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Is ObamaCare Good for Gold?

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Why health-care reform could boost gold to new highs.

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The pending health-care overhaul might be out of favor with many Americans, but it could prove very popular for fans of the yellow metal.

The Wall Street Journal is out with a poll today, which shows opinion solidifying around the health-care legislation, with 48% calling it a "bad idea" and 36% viewing it as a "good idea."

At the same time, the Wall Street Journal emphasizes, core Democrats -- the folks that the party needs to show up and vote in November -- strongly favor the legislation pushed by President Barack Obama, especially blacks, Latinos, and self-described liberals.

The final act in this drama might be coming soon: The New York Times reports that Democrats are aiming for a vote by the weekend that would approve both the bill that the Senate adopted on December 24 and a package of changes in an expedited budget reconciliation bill.

If ObamaCare is indeed passed by the House over the weekend, the long-term deficit outlook will only worsen, says Dr. Ed Yardeni of Yardeni Research, despite assurances by its promoters that the legislation is deficit neutral.

"That's because its neutrality over the next 10 years is contrived by raising taxes immediately, while postponing spending increases for four years," the noted strategist writes.

This will benefit the price of the yellow metal, Yardeni reasons, as gold works as a hedge against governments with no fiscal discipline. If the bill really does pass, he argues, the price of gold will probably rise to record highs and the dollar may very well turn weaker again.

The relationship between the price of gold and the US federal deficit and the amount of US public debt outstanding is an interesting one, which we detailed in our article, Why Gold Could Still Triple From Here.

Yardeni points out that the price of gold has tended to lead the US federal deficit since the 1990s. The 12-month deficit peaked during the previous decade at $332.1 billion during April 1992. It then turned into a surplus of $277.8 billion during April 2001, on a 12-month basis.

During the previous decade, the price of gold peaked at $414.80 on February 5, 1996. It fell to $255.95 on April 2, 2001. The price of gold then took off, as the surplus evaporated and turned into a structural deficit, Yardeni points out.

(For an alternative take on health-care reform, check out Paul Krugman's recent op-ed in which, counter to its critics, he contends the proposed legislation isn't fiscally irresponsible.)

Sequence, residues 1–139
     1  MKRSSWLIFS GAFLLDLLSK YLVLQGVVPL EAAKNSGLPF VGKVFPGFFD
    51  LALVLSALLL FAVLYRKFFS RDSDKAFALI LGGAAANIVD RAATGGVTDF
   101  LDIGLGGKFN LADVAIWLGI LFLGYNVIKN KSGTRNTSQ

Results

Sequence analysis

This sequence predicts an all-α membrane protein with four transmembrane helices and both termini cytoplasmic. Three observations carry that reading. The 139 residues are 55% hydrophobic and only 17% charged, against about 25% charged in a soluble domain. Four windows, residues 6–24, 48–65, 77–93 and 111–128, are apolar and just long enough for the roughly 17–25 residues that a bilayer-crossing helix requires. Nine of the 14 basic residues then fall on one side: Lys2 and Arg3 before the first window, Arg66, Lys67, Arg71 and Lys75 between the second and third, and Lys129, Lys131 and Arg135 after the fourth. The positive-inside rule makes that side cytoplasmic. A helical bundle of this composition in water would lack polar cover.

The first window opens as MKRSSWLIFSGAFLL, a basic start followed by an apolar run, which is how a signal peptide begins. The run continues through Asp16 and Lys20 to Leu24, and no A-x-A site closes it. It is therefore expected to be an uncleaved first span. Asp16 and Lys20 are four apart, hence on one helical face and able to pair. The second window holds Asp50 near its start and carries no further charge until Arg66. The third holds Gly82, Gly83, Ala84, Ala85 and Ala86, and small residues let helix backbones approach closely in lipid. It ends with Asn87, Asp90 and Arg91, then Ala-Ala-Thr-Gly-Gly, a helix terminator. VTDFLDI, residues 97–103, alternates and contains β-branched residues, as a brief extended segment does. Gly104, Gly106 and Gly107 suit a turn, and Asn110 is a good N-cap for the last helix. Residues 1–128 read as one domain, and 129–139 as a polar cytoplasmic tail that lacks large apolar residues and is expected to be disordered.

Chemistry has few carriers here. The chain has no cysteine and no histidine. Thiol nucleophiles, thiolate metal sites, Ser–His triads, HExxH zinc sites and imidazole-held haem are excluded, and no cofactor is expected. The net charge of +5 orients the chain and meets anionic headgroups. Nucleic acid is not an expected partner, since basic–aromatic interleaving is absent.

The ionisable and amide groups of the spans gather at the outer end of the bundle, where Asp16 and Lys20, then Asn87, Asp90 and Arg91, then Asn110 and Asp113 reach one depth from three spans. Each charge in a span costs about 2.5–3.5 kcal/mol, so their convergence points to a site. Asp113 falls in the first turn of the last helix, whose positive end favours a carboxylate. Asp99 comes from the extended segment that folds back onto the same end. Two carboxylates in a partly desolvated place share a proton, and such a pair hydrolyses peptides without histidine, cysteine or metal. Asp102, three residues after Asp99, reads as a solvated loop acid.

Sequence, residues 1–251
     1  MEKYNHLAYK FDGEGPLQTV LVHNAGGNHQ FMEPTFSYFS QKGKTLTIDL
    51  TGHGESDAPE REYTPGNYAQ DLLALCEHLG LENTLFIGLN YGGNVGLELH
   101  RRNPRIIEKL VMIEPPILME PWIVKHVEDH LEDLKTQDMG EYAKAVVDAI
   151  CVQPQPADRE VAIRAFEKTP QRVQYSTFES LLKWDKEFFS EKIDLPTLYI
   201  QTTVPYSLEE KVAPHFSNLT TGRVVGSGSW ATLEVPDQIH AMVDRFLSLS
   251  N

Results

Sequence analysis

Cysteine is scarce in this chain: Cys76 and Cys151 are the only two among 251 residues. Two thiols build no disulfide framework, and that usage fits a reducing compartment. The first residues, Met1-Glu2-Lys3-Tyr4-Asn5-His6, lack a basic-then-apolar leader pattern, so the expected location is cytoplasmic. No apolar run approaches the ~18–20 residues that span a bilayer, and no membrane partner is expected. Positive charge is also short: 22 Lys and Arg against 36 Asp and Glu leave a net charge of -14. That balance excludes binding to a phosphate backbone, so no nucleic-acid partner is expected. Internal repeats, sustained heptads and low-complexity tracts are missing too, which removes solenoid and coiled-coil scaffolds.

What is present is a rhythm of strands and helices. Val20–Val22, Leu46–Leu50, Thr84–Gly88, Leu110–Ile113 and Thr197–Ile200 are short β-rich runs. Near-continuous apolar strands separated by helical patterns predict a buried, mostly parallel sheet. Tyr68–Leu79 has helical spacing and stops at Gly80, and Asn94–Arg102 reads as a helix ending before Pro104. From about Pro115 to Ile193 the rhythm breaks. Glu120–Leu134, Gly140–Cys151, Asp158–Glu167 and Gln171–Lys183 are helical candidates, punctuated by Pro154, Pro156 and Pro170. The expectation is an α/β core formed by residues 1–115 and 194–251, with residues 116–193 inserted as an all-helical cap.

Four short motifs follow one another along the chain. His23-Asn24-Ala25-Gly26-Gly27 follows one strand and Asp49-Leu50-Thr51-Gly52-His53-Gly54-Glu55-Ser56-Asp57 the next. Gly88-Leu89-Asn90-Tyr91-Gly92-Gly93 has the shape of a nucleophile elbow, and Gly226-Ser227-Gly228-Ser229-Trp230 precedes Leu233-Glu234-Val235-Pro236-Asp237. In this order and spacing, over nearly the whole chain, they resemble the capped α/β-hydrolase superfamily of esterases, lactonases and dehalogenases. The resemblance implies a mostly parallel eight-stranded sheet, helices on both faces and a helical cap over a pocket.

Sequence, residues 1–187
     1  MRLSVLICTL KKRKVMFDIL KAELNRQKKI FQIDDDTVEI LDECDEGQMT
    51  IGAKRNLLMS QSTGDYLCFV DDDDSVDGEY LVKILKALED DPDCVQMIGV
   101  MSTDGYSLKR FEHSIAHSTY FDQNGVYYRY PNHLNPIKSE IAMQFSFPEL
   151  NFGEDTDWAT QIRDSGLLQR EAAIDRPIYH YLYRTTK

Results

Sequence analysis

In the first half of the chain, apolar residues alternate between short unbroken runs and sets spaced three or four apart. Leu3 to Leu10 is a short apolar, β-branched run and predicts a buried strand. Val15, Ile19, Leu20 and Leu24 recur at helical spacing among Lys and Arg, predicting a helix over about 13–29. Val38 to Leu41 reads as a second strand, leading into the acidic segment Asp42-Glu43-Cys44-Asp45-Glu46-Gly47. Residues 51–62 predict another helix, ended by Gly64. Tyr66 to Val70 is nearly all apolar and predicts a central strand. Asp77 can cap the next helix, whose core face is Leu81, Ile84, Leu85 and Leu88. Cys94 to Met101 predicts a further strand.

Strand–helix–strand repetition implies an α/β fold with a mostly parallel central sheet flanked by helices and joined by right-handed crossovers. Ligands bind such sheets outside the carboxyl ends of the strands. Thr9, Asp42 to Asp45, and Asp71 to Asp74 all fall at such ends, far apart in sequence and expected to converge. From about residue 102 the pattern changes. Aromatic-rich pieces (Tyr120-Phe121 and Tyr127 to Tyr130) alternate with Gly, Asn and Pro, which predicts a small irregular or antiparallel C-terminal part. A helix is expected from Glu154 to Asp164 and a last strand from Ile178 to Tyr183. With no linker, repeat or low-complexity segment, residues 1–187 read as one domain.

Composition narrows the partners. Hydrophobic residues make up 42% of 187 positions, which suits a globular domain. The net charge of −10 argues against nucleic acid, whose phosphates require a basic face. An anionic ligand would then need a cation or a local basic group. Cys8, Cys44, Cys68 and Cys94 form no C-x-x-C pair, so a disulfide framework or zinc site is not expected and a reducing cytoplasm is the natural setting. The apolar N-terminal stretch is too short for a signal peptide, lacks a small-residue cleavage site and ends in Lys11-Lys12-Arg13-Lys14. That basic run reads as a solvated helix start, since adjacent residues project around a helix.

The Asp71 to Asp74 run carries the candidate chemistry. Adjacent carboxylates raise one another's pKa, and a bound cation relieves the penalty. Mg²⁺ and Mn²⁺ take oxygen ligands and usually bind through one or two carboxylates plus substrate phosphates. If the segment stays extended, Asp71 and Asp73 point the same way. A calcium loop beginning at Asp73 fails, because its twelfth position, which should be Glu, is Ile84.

For his take on this relationship between ObamaCare and gold, we also checked in this morning with Bill Fleckenstein, president of Seattle-based Fleckenstein Capital, for a brief chat.

Fleckenstein generally agrees with Yardeni's thesis. "I think it is another log on the fire, so to speak," the hedge fund manager tells us. "It is more of the same, where we see governments spending more than they will ever take in. All these policies everywhere undermine confidence in the colored paper called money."

He adds, "This is a continuation of what we've been seeing and adds to reasons for why one would want to own gold."

But Fleckenstein also argues that, ObamaCare or not, gold will continue to shine.

"ObamaCare is just a symptom," he says. "The colored paper is worthless. It has no value and it isn't connected to anything. The deficit is hopelessly out of control in this country."

Fleckenstein owns physical gold, gold futures, and various mining stocks. He has been increasingly bullish on the miners, specifically Goldcorp (GG), Newmont (NEM), and Agnico-Eagle Mines (AEM).

It should be noted for investors that, while he's bullish on gold, Yardeni emphasizes that he is no card-carrying Gold Bug, in part, he says, because he likes assets that have earnings, dividends, and interest.

Lance Lewis, president of Lewis Capital and a registered investment advisor, counters that gold vastly outperformed the S&P 500 over the past nine years, even after dividends.

"The proof is in the math," Lewis says. "Every asset has its day and right now gold is having its day in the sun."

Lewis is a particular fan right now of Newmont Mining, which he sees as dirt cheap. He isn't a particularly big supporter of vehicles like the Market Vectors Gold Miners ETF (GDX), which includes holdings like Barrick Gold (ABX), Kinross (KGC), and Randgold (GOLD).

"Just like any ETF, it has garbage in it," he says. "Some of these gold stocks are ones you don't want to own."
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No positions in stocks mentioned.
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